What is my point though?

Many, if not all,  of my acquaintances value the contribution Germany makes to the change and herewith the development of Macedonia. “We need this support”, they say. I also value it, highly, especially when it is all about to support local, progressive initiatives or individuals let it be to reform the education system, to act against inequalities and discrimination or to fight corruption. I think we do a good job, both from the side of organisations and foundation like the Friedrich-Ebert-Foundation who always cooperates with local experts and the German embassy with its outstanding ambassadors of the last years (who were all female by the way). But I also think that many Albanians and Macedonians who live here do not consider this process to be happening on eye level. Nationalists are hurt in their pride and many activists – very thankful for the help – get the impression that they are only successful when backed up through Western agents.

I am also here, because I want to turn things around a little. I am tired of the never-ending discussions on how to implement “European” values into Southeastern European societies, not noticing how illogical this debate is within itself and how degrading towards an entire region of Europe. Barely anyone tries to see what values the region has to offer – or had to offer before instability hit, now only waiting to be reanimated. “I know my people, nothing good will ever come from them”, cried a young woman after a few glasses of wine. “They are lazy and they will always be.”

Bad genetic material as cause for instability? I doubt it. 

I do not think that laziness is embedded in the genetic material of people. That is a mean rumour spread by nationalist, racist chauvinists to degrade entire societies. Probably people in sunny regions are more laid back, unlike people from Northern places who have to distract themselves in the long and dark winter months with work from their winter depression. But the precarious situation of the Balkan surely has more to do with the omnipresent inequalities and the greed of particular individuals than with the character of the people who I see as hearty and friendly.

Everybody warns me that I have to be careful whom to trust and that I always have to be critical towards new acquaintances. That is not a good basis for a society especially not one based so much on community as the one here. But it does not help anything if we Germans come to say “come on, trust each others.” Would be nice, but that’s not how this works.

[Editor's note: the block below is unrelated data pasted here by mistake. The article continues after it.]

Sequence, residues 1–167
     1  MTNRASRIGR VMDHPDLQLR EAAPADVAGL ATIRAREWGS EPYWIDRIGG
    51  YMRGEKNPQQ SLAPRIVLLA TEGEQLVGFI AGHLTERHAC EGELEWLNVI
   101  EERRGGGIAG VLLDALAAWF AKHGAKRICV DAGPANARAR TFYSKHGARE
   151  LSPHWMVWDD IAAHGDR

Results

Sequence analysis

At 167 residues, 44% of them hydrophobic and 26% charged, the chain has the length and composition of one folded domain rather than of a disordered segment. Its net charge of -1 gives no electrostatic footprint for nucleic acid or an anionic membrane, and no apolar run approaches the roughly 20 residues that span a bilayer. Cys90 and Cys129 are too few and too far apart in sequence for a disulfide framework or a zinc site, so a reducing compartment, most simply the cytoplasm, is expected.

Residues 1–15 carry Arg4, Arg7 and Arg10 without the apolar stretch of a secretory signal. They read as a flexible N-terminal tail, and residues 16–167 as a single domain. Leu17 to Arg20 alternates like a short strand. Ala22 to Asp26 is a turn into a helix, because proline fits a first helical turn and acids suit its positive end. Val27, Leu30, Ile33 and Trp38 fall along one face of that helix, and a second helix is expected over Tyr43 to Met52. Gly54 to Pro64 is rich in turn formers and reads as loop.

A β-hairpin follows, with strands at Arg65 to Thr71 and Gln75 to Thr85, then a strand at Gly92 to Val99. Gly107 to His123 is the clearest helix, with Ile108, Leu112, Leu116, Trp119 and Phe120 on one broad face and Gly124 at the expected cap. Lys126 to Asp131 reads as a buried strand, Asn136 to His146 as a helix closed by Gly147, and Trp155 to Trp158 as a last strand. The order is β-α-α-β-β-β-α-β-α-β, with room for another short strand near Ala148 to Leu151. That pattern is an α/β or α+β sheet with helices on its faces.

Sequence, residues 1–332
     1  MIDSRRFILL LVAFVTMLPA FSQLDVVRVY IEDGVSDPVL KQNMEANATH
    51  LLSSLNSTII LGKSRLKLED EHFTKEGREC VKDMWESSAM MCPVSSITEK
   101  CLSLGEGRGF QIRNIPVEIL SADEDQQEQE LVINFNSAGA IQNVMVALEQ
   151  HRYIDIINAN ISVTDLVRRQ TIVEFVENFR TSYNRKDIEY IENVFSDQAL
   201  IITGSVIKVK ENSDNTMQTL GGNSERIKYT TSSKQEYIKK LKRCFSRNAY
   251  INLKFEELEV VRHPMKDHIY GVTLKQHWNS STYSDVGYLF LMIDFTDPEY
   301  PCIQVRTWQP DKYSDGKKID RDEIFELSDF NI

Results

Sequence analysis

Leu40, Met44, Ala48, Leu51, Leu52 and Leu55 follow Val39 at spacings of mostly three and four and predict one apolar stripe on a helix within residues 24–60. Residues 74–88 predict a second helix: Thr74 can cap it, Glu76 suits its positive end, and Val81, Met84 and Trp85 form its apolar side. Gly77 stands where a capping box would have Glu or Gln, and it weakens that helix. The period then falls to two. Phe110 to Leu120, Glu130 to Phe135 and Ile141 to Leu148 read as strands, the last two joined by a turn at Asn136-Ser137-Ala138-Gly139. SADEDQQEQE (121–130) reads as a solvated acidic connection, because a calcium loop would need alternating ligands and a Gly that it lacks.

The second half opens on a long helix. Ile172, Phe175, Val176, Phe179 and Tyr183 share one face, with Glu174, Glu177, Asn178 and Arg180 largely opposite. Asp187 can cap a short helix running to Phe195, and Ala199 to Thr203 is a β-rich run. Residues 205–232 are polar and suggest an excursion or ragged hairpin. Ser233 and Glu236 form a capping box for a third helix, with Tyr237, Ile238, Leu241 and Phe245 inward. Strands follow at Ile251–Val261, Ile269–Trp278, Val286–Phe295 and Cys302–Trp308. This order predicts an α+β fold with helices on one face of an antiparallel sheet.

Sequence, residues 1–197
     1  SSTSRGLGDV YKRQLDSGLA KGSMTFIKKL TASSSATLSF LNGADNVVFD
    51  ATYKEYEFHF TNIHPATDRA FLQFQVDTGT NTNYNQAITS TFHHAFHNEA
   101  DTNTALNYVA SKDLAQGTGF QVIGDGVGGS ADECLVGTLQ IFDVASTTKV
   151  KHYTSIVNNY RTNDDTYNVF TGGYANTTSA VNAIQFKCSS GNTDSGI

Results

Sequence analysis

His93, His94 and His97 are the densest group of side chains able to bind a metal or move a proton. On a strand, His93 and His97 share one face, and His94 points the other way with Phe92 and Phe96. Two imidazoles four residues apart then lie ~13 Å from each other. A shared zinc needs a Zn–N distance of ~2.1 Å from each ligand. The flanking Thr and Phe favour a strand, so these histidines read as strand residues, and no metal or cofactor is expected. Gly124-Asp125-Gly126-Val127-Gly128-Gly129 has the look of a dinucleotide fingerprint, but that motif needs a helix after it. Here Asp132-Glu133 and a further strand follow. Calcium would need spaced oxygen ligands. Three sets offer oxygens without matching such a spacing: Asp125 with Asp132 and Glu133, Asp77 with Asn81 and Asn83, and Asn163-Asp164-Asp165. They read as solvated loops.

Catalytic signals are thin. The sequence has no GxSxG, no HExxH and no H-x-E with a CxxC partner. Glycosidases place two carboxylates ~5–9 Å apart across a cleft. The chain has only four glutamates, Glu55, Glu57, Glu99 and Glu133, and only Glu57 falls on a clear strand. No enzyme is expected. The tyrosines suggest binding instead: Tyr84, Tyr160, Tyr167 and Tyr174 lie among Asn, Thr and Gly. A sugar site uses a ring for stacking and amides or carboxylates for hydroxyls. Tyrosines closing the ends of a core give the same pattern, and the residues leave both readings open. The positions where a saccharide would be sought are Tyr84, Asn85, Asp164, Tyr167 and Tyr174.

“It’s all about the money”, explains a smart young woman. “All of our problems are connected with that.”

And again it’s all about the money…

Where is that any different though? Capitalism, embedded into the neoliberal system of modern states, does not go well with equality, trust and collective satisfaction, especially when ruled with authoritarian hand. The problem are not the people in Macedonia or in any other country, that’s how much judgement I will allow myself. Nationalism, mistrust and mean tricks are only the symptoms of a broken system. And the system is not only broken here, it crumbles all over Europe.

It is about time that something changes. We in Germany and Western Europe should take that opportunity to take the countries of the Western Balkan seriously. That does not mean to go soft on corrupted elites. If not with stubborn, conservative heads of government we should at least try to implement some dialogue on eye level between people, from human to human.  If we come here with the attitude to learn and not to teach then we might be able to find common solutions for this new system we want and need in a couple of years. I do not say that this is going to be easy or that this is going to be the magic trick for instant stability in the region. But this step is inevitable.

Because if there is something I really care about it is an equal Europe. And we need the Balkan for it. It is either all in or all out. And all out would be a terrible nightmare no one with a reasonable mind could ask for.